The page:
“The Weather Channel is one of the most trusted and extremely important cable networks, with information vitally important to the safety and protection of our lives,” said Allen, who rose to fame as a “Real People” host in 1979. “The acquisition of the Weather Channel is strategic, as we begin our process of investing billions of dollars over the next five years to acquire some of the best media assets around the world.”

Weather Channel Chief Executive Dave Shull said, “Byron Allen’s purchase of our innovative and forward-thinking organization will increase the value we bring to our viewers, distributors and advertisers.”

Founded in 1993 by Allen, Entertainment Studios owns the HD cable networks,, and

Allen, the sole owner of Entertainment Studios, which has its headquarters in Los Angeles, plans to invest more money into the Weather Channel to expand its US and international distribution.

Report: Adult Radio TSL Beats Social Media

Digital media is getting most of the buzz these days, and perhaps rightly so, as digital has this decade overtaken TV as the medium with which adults spend the most time on a daily basis. At least that’s per eMarketer’s media consumption estimates, the latest of which also show that radio remains resilient in the face of the increasing time spent with digital media.

According to Marketing Charts, despite all the buzz about social networking’s growing adoption and increasing influence on time spent online, adults continue to spend far more time listening to the radio than using social networks. And, Nielsen data indicates that radio is the medium with the broadest reach among US adults, even among Millennials.

According to the latest consumption estimates from eMarketer, US adults will spend close to one-and-a-half hours (1:27) per day listening to radio, excluding digital radio. By comparison, they’ll spend only about three-quarters of an hour (0:43) using social networks on desktops, laptops and mobile devices. In fact, adults will spend almost as much time listening to the radio this year than using social networks and watching digital video combined.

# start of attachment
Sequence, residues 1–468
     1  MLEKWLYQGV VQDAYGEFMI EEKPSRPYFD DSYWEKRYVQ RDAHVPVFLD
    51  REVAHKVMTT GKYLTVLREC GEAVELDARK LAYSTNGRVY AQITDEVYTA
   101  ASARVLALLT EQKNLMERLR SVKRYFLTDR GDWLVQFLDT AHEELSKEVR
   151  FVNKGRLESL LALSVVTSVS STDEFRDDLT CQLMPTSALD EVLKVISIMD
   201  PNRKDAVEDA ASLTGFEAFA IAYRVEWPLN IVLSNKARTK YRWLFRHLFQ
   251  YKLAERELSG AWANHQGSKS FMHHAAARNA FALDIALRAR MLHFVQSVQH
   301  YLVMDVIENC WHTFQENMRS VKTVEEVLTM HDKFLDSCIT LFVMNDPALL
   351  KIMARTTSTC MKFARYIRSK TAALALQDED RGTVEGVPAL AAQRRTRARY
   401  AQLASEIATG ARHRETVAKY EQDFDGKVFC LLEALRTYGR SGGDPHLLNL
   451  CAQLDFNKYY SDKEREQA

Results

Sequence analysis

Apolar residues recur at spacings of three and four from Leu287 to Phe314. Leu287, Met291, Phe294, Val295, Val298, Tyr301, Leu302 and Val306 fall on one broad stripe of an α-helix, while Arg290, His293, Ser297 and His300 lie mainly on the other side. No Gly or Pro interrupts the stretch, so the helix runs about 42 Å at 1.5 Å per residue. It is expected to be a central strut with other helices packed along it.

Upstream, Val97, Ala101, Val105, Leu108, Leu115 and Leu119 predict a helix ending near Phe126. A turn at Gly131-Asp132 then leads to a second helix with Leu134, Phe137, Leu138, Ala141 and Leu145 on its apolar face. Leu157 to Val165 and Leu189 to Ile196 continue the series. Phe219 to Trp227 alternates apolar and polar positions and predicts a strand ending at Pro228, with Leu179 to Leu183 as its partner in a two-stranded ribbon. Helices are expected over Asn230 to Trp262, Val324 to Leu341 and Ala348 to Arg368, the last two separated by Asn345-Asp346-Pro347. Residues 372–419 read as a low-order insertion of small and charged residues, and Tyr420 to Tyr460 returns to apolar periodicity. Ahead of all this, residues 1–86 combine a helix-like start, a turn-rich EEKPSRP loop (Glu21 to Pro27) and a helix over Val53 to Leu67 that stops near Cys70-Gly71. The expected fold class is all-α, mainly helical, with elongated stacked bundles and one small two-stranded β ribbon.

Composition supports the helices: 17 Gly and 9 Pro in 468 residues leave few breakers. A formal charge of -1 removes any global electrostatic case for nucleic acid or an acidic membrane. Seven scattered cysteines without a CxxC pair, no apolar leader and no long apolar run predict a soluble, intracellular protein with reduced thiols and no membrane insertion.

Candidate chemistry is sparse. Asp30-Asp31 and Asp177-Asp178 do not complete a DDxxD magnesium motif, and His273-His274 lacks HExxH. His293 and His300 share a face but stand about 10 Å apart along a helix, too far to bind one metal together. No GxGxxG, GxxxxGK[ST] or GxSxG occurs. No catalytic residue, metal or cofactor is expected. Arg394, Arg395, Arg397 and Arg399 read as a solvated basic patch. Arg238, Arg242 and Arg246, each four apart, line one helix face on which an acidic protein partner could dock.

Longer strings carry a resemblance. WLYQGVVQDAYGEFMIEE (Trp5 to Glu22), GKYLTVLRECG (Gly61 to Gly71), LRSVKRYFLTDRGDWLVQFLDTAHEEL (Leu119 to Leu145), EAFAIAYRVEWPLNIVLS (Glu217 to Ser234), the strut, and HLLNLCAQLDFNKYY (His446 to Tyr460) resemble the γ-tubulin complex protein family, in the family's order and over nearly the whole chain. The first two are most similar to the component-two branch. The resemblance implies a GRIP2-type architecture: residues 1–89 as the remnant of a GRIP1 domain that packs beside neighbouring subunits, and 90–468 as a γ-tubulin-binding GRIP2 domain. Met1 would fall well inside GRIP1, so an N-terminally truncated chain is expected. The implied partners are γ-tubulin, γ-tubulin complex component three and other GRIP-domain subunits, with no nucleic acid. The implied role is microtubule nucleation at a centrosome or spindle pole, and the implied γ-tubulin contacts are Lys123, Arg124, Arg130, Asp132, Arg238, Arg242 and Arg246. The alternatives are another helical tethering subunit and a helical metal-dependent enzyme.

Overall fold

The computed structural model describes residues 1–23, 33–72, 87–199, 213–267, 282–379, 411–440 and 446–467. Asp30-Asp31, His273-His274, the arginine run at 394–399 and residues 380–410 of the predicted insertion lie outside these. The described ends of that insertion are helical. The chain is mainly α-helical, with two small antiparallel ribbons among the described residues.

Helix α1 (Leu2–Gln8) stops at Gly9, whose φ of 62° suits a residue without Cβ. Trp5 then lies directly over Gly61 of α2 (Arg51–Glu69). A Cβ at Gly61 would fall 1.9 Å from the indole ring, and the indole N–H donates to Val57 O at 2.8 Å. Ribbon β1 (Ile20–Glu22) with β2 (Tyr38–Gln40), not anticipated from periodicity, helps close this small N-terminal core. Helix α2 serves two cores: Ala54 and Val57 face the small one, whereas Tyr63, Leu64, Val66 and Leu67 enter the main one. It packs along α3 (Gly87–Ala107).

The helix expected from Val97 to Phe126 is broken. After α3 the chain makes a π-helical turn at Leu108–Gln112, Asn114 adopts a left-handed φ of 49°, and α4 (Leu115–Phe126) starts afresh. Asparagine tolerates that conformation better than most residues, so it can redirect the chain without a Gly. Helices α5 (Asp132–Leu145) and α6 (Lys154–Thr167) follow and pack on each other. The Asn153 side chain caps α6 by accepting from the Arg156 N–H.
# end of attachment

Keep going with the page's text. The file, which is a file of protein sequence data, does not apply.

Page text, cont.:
It’s worth noting that the eMarketer estimates include time spent with each medium regardless of multitasking.

  • Adults spend about as much time reading print (0:30) as using social networks on their mobile devices (0:29), although presumably this isn’t true among younger adults;
  • Adults spend the lion’s share of their digital radio time on mobile devices (0:47) as opposed to desktop/laptops (0:06);
  • Time spent with all offline media is expected to decline over the next couple of years, though only very gradually; and
  • While time spent with digital media on desktops and laptops will very gradually decrease, adults will up their time spent with mobile devices and with other connected devices.

Twin Cities Radio: Former Sports Talker Avoids Jail Time

Jeff Dubay
Former KFAN 100.3 FM radio sports host Jeff Dubay was convicted Thursday on an assault charge and sentenced to 120 days in jail, but with the option to serve via a treatment program.

Dubay pleaded guilty in December to third-degree assault stemming from an incident last summer in which he was accused of physically assaulting a woman.

His sentencing record indicates Dubay could avoid jail with the successful completion of a treatment program through Minnesota Adult and Teen Challenge. Should he opt out of the program, Dubay would have to report to jail.

Dubay was further sentenced to five years' supervised probation.

He was sentenced in August 2016 to about six months in jail and 10 years' probation for methamphetamine possession. In that case, he was ordered to complete a drug treatment program.